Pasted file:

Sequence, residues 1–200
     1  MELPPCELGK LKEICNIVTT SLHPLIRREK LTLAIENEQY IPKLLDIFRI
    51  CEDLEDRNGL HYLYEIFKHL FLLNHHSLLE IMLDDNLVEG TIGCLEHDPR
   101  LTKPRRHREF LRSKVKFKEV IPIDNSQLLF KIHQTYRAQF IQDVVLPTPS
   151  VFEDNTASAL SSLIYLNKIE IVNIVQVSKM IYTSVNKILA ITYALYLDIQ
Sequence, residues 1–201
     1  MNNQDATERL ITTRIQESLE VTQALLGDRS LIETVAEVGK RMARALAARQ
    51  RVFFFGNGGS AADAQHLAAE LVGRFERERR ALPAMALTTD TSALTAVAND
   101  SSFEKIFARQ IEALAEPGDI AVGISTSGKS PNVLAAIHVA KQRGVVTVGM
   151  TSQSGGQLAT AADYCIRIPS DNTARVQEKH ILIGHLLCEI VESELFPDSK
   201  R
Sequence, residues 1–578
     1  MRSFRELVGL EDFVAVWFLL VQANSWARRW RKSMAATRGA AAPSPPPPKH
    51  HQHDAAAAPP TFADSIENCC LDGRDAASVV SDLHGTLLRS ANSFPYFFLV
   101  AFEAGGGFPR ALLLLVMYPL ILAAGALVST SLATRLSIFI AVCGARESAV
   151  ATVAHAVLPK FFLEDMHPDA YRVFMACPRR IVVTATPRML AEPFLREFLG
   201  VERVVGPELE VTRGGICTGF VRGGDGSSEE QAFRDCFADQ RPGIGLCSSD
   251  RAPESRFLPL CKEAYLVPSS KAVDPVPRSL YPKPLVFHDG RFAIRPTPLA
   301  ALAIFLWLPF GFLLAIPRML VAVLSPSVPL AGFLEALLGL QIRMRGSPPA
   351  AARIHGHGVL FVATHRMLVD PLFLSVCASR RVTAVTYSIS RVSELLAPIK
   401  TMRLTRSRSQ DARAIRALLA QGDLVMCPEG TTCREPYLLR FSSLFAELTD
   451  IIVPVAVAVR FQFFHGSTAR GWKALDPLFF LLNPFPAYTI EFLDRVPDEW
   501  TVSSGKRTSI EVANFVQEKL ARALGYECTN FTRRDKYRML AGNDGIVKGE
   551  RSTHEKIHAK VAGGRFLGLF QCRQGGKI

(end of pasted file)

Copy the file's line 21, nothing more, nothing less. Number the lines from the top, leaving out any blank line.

   401  TMRLTRSRSQ DARAIRALLA QGDLVMCPEG TTCREPYLLR FSSLFAELTD